Harare – As inflationary pressures turn Zimbabwe into a consumptive market, local miners have requested Government to allow for the full retention of their foreign currency earnings in hard currency to save their entities from collapse. Currently, gold miners retain 55% of their export proceeds as foreign currency whilst other minerals retain 50%. Accounting for 70% of Zimbabwe’s annual foreign currency receipts, mineral earnings have been a reliable foreign currency revenue source for the cash strapped Zimbabwe government to service its Afreximbank obligations. According to the trade economics report, Zimbabwe’s cumulative external debt for 2018 stood at US$13.1 billion.
The government of Zimbabwe introduced a forex retention scheme for various economic sectors to extinguish its external debt and to finance its foreign obligations. Adding his voice to the miners’ call, the chairman of the Zimbabwe parliamentary portfolio committee on mines and mining development told delegates at the launch of the 2019 state of the mining sector report that his committee was pushing for an 85% forex retention threshold for the mining sector. “We shared our position with Mthuli Ncube on this issue and the Finance Minister recognised the need for an upward review, but to what level he did not disclose”, Edmund Mukaratigwa said.
A Reserve Bank of Zimbabwe (RBZ) source told ENN Zimbabwe correspondent Carol Mvundura that government desperately needs foreign currency to service its debts with Afreximbank. He alleged that the Afreximbank obligation amounts to over US$2 billion and is securitised by future foreign currency earnings from the mining sector. Part of this historical debt was used to import fuel, electricity and other critical requirements for the country, the source alleged. This technically means that government used future mineral earnings as a loan guarantee to Afreximbank without the knowledge and consent of the miners. “Consequently, government will not give respite to the miners on this currency retention issue”, the RBZ official said.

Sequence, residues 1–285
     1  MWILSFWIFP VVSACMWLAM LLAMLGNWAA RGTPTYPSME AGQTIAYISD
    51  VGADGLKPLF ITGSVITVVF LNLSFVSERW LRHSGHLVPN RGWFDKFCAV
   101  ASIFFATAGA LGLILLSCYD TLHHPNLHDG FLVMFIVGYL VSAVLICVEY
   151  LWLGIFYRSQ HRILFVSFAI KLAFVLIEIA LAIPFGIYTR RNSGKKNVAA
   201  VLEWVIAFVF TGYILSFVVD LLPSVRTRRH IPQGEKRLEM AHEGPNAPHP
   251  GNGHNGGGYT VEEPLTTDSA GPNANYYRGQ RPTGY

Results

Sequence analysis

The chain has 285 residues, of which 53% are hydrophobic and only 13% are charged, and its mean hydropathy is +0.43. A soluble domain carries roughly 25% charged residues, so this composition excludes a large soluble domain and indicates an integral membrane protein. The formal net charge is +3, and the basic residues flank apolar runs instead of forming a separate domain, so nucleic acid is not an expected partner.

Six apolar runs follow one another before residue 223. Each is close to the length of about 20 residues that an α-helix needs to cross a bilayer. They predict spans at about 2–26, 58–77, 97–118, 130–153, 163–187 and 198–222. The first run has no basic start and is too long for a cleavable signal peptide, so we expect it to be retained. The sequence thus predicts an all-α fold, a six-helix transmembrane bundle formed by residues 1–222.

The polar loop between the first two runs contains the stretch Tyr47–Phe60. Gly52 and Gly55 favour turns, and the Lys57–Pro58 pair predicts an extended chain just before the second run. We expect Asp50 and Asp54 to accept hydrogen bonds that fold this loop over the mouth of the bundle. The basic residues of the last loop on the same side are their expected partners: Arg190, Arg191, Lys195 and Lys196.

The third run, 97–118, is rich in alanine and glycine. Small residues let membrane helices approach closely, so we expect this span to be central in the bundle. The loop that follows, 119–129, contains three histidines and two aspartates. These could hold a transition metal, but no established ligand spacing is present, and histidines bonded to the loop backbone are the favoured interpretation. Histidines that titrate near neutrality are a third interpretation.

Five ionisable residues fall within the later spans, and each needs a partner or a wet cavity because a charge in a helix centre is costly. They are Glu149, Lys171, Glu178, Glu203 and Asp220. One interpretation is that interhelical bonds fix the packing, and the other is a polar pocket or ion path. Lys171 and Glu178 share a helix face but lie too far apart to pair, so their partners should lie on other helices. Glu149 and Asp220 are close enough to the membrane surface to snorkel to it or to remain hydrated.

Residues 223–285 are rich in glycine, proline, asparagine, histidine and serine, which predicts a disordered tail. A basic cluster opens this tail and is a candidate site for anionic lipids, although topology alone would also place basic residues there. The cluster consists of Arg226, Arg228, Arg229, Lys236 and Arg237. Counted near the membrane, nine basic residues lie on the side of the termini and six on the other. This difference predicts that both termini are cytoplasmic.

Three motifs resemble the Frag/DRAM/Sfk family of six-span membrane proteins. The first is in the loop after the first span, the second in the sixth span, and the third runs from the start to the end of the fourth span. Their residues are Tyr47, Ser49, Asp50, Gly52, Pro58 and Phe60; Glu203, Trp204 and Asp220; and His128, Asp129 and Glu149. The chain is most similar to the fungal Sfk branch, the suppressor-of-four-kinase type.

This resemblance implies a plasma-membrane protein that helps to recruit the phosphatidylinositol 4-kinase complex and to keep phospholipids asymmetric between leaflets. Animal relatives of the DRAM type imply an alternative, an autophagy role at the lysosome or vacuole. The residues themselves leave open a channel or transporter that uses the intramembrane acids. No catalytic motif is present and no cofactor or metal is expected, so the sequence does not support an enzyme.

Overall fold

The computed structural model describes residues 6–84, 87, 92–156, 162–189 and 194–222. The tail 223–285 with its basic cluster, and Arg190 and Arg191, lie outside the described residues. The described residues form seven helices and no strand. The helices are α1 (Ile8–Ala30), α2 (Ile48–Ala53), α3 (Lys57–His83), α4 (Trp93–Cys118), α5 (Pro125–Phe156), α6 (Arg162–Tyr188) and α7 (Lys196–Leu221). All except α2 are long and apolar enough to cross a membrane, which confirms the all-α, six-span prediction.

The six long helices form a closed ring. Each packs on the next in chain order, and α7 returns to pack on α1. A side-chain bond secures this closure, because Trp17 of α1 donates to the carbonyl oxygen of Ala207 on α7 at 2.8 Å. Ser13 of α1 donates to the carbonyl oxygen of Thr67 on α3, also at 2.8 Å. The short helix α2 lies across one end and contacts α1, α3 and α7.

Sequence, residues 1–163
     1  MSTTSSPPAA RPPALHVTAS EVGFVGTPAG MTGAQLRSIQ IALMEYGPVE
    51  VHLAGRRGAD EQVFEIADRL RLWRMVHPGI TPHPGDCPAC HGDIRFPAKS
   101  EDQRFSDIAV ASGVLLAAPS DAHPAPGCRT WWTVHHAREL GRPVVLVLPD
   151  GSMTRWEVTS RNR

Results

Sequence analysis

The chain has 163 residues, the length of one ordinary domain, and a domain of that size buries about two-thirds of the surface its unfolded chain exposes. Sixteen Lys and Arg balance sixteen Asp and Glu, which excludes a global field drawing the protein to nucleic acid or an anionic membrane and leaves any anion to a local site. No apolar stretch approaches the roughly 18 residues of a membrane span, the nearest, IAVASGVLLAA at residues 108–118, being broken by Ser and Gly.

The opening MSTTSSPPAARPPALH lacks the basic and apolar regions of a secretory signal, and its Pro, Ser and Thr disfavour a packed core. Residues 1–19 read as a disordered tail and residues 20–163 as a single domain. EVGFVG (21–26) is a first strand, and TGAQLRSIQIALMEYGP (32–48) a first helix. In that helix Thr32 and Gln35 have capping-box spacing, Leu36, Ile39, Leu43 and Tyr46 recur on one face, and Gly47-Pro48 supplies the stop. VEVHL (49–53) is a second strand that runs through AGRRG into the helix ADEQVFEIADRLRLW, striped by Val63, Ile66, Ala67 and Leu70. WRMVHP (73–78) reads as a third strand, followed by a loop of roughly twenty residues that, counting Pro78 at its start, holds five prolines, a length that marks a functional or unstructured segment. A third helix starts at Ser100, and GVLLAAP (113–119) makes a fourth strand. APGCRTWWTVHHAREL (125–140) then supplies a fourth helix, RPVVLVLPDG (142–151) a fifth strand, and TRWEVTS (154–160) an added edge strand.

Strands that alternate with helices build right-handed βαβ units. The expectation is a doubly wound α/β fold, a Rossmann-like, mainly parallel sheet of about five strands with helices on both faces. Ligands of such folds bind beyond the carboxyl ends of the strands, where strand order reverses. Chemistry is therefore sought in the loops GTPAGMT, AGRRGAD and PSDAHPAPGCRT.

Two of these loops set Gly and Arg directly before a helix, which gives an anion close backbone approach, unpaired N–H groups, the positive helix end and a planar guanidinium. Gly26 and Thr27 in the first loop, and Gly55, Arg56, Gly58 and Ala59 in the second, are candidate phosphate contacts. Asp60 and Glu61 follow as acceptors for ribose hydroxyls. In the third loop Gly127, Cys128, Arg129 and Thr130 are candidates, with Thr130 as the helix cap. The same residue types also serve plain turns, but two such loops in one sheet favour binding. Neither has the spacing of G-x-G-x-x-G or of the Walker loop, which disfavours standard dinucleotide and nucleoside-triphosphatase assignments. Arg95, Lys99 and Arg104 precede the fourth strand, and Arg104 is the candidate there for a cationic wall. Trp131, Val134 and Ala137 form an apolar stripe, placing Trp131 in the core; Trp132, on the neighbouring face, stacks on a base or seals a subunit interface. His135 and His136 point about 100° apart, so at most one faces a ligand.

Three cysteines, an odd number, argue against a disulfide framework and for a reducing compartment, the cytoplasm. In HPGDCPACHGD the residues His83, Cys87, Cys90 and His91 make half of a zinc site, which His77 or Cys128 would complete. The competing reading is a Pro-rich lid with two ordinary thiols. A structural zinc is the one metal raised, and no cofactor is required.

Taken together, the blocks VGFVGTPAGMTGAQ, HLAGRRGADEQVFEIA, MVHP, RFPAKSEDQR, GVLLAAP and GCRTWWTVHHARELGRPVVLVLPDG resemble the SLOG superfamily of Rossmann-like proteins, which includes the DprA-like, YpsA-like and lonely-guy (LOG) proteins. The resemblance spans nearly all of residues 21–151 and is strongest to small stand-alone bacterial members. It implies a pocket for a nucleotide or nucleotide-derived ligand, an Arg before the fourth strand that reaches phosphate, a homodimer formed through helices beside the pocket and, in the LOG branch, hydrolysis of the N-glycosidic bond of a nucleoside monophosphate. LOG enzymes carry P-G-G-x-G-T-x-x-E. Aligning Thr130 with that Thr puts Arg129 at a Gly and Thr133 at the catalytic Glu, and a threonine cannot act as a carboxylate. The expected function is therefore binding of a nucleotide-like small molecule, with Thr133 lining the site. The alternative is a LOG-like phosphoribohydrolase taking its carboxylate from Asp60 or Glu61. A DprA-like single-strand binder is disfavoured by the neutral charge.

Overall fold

Currently, Zimbabwean miners are not allowed to withhold their foreign currency earnings for a period of more than 30 days as they risk being forced to surrender the values at the official exchange rate which is 40% below the black market rate. Local commodity prices in Zimbabwe are being informed by the black market exchange rate. At the same time, the localised component of miners’ foreign earnings, which is equivalent to 45% of their total foreign earnings, is given to them at the official managed exchange rate. This exposes Zimbabwean miners to an exchange rate loss of 40%, excluding the potential loss of value of the local currency to inflation. Inflation and exchange rate fluctuations are the twin evils that are threatening the viability of businesses in Zimbabwe. Miners, just like other businesses operating in Zimbabwe, have been forced by these twin evils to adopt consumptive expenditure behaviour to minimise loss of value due to risks from inflation and exchange rate movements.
Officiating at a mining industry breakfast event on Thursday, Zimbabwe Mines Minister Winston Chitando promised to have dialogue with the Chamber of Mines of Zimbabwe officials in the coming week to deliberate further on these and other challenges as he cited lack of adequate financial support to the sector from Treasury. Addressing delegates at a 2020 budget seminar recently, Finance Minister Mthuli Ncube said reviewing upwards the forex retention thresholds is a difficult proposition considering the national foreign currency obligations confronting Zimbabwe at present. The juxtaposed opinions from the two government ministers leave miners with little hope for victory on the foreign currency retention dispute.
Since they are not retaining 100% of their export earnings, local mining firms have told government that they now want to pay royalties in local currency to cushion their operations from inflationary risks. In Zimbabwe, a royalty is a usage tax on mining firms calculated as a percentage of the gross market value of minerals produced. It stands at 15% for diamond producers, with gold and other precious minerals taxed between 10% and 4% respectively.
Zimbabwe’s inflation and exchange rate risks, together with policy inconsistencies and disrespect for legal contracts; including this disputed foreign currency retention regulation and ZESA’s ring-fenced electricity supplies guarantee to mining companies which is not being fulfilled, have eroded business confidence and prospects for year 2020 in the mining sector as confirmed in the 2019 state of the Zimbabwe mining sector report.